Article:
As your people move from being an employee of Company A to an employee of Conglomerate ABC, well-strategized communications are needed to avoid confusion, skepticism and negative perceptions about the change. This series of blog posts will explain what worked for us during the integration of 1,280 clinicians and support staff, plus about 900 affiliated physicians, at a prestigious hospital that became a part of our 33 hospital, 5-state health care system.    

The Kick-Off Strategy – Spell Out What’s Changing, and What’s Not

It is imperative to kick off the integration with a substantive communication from executive leadership that spells out what’s changing, and what’s not changing for the employee. Do this before the integration begins impacting everyone. Effective sponsorship of the change requires multiple levels of management to be actively supportive and involved, but the process starts with executive leaders. They need to not only endorse the change initiative, but also communicate its importance and the resources they have ensured are behind it.

Allow as much lead time as possible to prepare this communication. Timing is tricky – it’s a balance between getting it out early enough to alleviate staff angst and confusion, and late enough that most change factors and go-live timeframes have been solidified to make it as meaningful and helpful as possible.

The emphasis in all communications to managers and staff groups should be on the positive outcome and future for both organizations, but there should be acknowledgement of the challenges and short-term inconvenience during the change. Transparency is key.

November 25, 2014 Posted by | Acquisition Communications, Change Management, Corporate Communications, Employee Integration | , , , , , , , , , , , , | Leave a comment

Communication Tactics and Tools as Employee Integration Begins

To get employees on board during integration into a new organization, equip managers with information on the integration steps and ask them to discuss it with their staff/team. This is typically a very effective way to build awareness, depending on the organization’s culture. We prepare FAQs, Talking Points, and Timeline Overview tools to assist these core leaders.

There’s one communication, however, that you’ll want to send directly to all staff levels, without relying solely on mangers. It’s an initial “what’s changing, what’s not” roll-up communication from an executive leader that previews what happens during the integration.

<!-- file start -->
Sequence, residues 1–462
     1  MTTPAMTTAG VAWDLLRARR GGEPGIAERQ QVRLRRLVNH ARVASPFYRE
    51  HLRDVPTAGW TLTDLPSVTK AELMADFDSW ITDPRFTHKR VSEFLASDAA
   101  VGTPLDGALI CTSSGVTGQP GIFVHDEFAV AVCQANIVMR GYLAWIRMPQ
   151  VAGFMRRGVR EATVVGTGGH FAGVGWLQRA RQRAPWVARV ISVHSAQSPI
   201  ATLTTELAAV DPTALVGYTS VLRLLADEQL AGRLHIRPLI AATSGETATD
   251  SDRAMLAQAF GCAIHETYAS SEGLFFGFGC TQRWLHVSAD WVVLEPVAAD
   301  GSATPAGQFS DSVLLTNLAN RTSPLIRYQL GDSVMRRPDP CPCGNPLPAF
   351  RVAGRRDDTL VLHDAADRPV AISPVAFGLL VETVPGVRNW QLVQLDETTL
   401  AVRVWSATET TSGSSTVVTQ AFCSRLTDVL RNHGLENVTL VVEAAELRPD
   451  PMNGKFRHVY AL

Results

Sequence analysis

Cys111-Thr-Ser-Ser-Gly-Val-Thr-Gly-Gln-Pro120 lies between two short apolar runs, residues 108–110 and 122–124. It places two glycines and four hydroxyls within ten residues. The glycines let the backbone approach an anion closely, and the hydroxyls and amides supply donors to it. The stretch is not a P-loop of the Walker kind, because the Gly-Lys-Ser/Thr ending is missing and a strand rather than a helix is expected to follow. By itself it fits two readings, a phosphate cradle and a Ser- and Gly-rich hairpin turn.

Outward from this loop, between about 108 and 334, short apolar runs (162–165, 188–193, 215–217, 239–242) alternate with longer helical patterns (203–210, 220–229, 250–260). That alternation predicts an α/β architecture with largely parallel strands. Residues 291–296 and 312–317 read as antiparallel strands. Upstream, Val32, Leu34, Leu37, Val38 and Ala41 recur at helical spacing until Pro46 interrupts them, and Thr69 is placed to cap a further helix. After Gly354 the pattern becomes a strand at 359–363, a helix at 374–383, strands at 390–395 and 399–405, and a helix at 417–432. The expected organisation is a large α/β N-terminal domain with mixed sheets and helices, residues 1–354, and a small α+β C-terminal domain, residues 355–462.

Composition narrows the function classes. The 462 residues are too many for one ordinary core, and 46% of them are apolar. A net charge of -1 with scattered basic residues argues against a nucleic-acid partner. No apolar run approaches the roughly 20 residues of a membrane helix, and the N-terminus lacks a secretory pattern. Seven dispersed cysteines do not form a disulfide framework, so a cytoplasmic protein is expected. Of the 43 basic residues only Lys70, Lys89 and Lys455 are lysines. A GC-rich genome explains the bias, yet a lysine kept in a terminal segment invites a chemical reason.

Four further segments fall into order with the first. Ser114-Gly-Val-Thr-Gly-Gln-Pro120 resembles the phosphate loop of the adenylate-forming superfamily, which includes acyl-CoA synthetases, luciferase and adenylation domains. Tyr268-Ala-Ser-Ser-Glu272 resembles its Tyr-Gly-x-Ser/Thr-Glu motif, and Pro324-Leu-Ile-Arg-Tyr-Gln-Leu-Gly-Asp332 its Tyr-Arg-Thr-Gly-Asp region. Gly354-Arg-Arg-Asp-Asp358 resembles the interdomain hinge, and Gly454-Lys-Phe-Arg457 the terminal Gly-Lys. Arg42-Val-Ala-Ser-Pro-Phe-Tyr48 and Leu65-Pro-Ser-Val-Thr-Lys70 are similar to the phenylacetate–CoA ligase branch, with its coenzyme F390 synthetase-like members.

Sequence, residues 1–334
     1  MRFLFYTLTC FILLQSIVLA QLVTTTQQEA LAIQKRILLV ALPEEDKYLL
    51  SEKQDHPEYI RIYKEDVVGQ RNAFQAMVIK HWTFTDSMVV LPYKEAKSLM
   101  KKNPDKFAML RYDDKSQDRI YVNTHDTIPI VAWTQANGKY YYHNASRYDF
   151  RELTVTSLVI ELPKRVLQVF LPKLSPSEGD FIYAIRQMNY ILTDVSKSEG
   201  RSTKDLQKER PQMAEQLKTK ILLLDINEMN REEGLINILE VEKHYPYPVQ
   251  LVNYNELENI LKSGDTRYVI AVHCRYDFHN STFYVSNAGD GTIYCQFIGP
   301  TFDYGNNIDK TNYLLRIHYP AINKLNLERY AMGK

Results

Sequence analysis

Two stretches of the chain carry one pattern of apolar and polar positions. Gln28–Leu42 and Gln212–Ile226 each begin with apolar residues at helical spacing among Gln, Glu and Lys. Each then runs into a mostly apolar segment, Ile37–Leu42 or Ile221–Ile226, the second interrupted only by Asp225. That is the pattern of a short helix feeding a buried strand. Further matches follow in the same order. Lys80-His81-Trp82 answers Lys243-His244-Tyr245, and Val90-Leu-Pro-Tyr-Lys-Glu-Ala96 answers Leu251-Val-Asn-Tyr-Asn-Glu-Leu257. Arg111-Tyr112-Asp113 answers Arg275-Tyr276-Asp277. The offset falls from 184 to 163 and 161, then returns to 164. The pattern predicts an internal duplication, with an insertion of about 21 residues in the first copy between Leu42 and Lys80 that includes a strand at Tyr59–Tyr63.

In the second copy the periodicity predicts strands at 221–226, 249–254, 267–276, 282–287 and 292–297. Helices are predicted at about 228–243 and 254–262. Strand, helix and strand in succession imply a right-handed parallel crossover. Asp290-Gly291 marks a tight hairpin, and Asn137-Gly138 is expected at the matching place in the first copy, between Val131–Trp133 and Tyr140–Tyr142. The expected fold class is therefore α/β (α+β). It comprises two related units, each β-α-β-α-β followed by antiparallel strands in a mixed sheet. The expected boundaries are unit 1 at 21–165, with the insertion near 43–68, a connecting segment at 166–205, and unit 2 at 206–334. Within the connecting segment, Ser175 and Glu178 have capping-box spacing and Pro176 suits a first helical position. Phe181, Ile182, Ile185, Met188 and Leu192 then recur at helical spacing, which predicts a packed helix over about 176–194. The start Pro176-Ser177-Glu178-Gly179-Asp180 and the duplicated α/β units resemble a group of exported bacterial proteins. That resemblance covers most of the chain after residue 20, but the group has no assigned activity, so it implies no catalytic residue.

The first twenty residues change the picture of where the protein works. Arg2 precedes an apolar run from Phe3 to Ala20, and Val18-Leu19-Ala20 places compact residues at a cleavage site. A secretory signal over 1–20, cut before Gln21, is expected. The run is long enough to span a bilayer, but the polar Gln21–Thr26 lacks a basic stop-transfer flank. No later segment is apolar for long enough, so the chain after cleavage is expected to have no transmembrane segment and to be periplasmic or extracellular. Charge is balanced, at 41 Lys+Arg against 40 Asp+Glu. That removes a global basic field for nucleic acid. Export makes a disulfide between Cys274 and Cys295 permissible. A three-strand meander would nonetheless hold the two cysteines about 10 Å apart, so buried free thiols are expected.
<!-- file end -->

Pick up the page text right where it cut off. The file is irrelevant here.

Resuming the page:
Due to the structure of teams working on the integration, the tendency is to generate one memo from HR and one from Information Services (a.k.a. “IT”) explaining the changes and when they will occur. Resist the temptation to produce separate “welcomes” and combine them. An employee cares about what changes, both personally (for them and their family) and within their immediate work environment, not what department is sponsoring the change. Certain employees also will be looped into other arenas that change, such as supply chain or finance.

Another tool is an “at a glance” overview of milestones and dates (via a checklist or other vehicle) for quick reference by managers and staff. Here’s an example – part of a checklist from a recent integration I anchored.

Pathways to Providence piece

This series of blog posts explains what worked well (or didn’t) during the integration of about 2,000 clinicians, support staff and affiliated physician, at a prestigious hospital that became a part of our 33 hospital, 5-state health care system.

 

November 17, 2014 Posted by | Acquisition Communications, Change Management, Corporate Communications | , , , , , , , , , , | Leave a comment

Maintain a Reliable Channel for Updating Core Leaders (Managers and Above)

During the whirlwind of changes that impact employees during integration (after an acquisition), it’s important to establish and promote a primary channel/vehicle for regular updates to core leaders, i.e. managers and above.

My colleagues and I found that a common complaint is that there are too many discrete memo-announcements on individual HR and IT subjects during an integration, and managers and staff get overwhelmed as they accumulate the various information.

After the initial overview-of-the-integration communication is released early in the integration, move quickly to a weekly roll-up update for core managers. Keep each item brief with links to more information or related resources. This should greatly reduce one-off memos. Reminders should be a balance of verbal communications (from managers during staff meetings, for instance), posted notices, and reinforcement on the organization’s intranet . Minimize the repeated “push” communications via email; instead, tune managers into reading the weekly roll-up update.

A great way to format the weekly update is to divide the notices and information under three headings: “Take Action” or “Action Needed”  (when the reader needs to do something), “Need to Know” (for information the reader should pay close attention to), and “Other Updates.”   A fourth section often is a calendar of upcoming milestones and go-lives.

Our Transition screenshot-cropped

A weekly e-newsletter “roll up” update to managers helps to keep everyone on the same page during integration, and minimizes excess email traffic. Here’s two (above and below) I developed for recent integrations.

Integration Update screenshot

This series of blog posts explains what worked well (or didn’t) during the integration of about 2,000 clinicians, support staff and affiliated physician, at a prestigious hospital that became a part of our 33 hospital, 5-state health care system.

November 11, 2014 Posted by | Acquisition Communications, Change Management, Corporate Communications, Employee Integration | , , , , , , | Leave a comment